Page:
PERMITS AND VISAS

Working in Spain: PERMITS AND VISAS

 

THE CURRENT JOB MARKET IN SPAIN

Spain’s unemployment rate is one of the highest in Europe. But there are some jobs still available. There are certain sectors in Spain where vacancies exist as the positions are difficult to fill. For example: Positions in teaching, mechanical, industrial and production engineers, computing and business experts, commercial relations…

Seasonal work in the tourist trade and teaching English are both popular sources of employment for foreigners.

In the current job market, it’s important not to rule out getting a temporary job or taking on a lower salary at first until you can find something more permanent.

Starting a business or self-employment and freelancing is also an option.

 

SPANISH WORK ENVIRONMENT AND LABOUR LAW.

The average number of hours per week is 40 hours. From 9 and com very late at 20:00, with pauses breakfast and lunch.

Wages in Spain fell in almost all sectors after the economic crisis, with the public sector particularly affected strengthens but wages in the private sector and electronic trade, tourism, engineering and construction.

The minimum wage is 655,20 euros per month or 21.84 euros per day.

 

REQUIREMENTS FOR FOREIGNERS WORKING IN SPAIN

You need both work visas and residence permits.Citizens of the European Union can work freely in Spain.

You also need to get your NIE number and register with the National Tax Office tax Agency.If you will be employee must apply for work permit Social Affairs and whether it will work on your own you have to apply at the Spanish consulate in their country of origin.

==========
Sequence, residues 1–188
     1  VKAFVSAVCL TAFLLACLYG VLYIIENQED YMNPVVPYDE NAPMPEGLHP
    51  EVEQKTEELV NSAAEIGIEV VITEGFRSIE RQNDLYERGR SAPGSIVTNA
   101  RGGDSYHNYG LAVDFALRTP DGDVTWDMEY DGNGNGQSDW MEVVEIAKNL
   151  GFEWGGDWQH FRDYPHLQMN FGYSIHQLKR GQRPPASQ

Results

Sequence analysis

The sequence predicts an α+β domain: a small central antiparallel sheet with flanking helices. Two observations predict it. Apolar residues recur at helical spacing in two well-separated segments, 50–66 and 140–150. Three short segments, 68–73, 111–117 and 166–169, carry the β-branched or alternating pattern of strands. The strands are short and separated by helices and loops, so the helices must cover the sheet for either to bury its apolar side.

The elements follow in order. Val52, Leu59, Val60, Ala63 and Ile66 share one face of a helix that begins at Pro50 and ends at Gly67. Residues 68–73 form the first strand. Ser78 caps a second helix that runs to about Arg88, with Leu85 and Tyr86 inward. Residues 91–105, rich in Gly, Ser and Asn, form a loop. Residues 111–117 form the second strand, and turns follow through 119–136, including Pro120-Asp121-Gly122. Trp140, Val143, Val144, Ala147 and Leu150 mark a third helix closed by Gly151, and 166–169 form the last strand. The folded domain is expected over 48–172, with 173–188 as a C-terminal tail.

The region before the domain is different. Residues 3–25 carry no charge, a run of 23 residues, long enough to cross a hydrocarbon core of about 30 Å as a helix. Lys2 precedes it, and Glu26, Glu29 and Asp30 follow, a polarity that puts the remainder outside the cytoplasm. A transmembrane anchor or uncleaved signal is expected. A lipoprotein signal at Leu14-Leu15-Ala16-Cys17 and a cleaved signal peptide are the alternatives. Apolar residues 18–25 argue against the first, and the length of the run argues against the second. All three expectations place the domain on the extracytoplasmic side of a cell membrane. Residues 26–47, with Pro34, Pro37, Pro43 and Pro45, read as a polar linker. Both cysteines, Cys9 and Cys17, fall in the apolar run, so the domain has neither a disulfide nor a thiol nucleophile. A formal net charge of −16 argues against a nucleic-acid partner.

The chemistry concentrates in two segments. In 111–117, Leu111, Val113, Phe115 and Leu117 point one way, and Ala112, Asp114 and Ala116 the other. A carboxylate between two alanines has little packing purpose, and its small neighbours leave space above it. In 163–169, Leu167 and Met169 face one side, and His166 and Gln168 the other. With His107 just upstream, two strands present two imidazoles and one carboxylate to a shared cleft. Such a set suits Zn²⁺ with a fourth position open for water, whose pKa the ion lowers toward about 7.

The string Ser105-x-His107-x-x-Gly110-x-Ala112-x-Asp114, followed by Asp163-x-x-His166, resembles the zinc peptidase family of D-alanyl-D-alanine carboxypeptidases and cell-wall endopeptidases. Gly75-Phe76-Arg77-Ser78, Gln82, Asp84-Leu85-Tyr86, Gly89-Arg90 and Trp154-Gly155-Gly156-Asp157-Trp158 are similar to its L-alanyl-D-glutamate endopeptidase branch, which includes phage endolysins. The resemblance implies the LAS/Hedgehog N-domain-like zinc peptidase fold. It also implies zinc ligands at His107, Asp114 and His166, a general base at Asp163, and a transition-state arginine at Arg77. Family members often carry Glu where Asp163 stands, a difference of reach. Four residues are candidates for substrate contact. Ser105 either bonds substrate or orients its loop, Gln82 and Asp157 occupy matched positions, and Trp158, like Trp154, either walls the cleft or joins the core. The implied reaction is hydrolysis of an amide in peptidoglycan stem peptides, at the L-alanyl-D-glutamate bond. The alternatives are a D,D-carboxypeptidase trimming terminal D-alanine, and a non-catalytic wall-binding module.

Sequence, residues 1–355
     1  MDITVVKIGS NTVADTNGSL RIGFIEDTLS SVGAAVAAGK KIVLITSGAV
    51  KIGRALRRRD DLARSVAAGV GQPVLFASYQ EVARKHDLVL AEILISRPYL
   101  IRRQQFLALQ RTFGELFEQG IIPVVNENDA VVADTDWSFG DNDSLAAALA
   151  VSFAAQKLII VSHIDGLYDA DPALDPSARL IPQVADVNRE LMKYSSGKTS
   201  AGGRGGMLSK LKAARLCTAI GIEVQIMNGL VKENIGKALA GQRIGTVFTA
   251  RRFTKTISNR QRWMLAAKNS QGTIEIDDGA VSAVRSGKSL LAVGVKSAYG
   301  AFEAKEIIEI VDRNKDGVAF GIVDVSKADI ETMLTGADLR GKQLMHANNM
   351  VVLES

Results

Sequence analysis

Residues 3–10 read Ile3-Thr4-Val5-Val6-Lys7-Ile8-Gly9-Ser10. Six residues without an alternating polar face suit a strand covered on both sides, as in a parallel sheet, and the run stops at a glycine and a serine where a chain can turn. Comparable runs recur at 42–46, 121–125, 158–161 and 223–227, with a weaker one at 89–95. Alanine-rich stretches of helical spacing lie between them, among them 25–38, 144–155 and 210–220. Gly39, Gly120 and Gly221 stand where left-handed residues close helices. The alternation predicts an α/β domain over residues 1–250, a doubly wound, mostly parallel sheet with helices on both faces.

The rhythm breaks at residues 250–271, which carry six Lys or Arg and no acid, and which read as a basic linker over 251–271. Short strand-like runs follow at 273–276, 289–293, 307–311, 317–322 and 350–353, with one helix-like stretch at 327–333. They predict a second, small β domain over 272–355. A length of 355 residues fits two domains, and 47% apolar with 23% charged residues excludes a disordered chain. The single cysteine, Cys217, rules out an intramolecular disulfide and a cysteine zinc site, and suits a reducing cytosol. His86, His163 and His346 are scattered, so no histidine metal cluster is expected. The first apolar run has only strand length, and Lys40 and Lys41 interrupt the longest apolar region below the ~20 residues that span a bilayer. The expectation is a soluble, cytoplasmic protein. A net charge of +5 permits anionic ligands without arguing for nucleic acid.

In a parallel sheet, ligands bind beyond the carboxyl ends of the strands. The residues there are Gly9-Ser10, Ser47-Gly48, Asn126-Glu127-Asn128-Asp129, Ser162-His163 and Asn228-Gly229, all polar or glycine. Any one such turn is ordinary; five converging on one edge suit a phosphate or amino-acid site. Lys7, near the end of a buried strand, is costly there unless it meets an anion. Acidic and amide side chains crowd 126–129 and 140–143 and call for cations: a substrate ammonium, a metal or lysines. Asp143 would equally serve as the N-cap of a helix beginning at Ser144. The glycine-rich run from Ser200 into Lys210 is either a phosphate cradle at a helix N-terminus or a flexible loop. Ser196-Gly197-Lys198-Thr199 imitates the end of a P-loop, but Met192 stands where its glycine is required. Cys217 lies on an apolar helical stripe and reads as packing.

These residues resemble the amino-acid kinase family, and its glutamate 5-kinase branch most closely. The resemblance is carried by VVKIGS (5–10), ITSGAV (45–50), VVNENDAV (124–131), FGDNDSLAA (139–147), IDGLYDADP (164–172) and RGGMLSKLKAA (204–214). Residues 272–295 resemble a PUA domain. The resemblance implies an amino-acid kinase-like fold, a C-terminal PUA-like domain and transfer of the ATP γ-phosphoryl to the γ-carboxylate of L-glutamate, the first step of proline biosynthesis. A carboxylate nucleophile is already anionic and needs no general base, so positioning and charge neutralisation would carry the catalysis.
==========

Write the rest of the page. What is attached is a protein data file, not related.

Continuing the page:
Languages:if you don’t speak Spanish, besides working for a multinational company, opportunities for English speakers include tourism, real estate, teaching English and services aimed at expats.For other types of employment, you will usually need to speak Spanish.

Qualificationsand references:Make sure your professional qualifications are recognized in Spain by contacting the Ministry for Education and Culture and Sports.

 

JOBS IN SPAIN: (Recruitment agencies)

Recruitment agencies tend to deal with temporary jobs as Antal International, Hays Specialist Recruitment, Net Business Solutions. Empresas de Trabajo Temporal (ETT) hire workers directly and then assign them to other companies who will oversee the work itself, otherwise you can check which agencies are registered. Besides some agencies listed above for specialist professions, another private employment agency offering temporary and permanent work includes Adecco.

The companies that we have said before, they are a recruitment company for the people they want a job.

JOB APPLICATION: (Preparing a Spanish cv and interview tips)

When you’ve found a job, we have to prepare an application. And you have to prepare the curriculum vitae (CV) and cover letter to the Spanish market and prepare for a job interview and avoid mistakes.

Applying for a job in Spain: which language?

You will need to present yourself and all your skills, qualifications and experience in the way that Spanish employers expect.

 

YOUR SPANISH JOB APPLICATION

You should write both your CV and covering letter in Spanish unless specifically requested to write in another language or if the job requires no knowledge of Spanish.

Online and email applications are becoming more popular but some companies still prefer to receive a hard copy of a CV and cover letter.

                                

 

 

 

 

 

 

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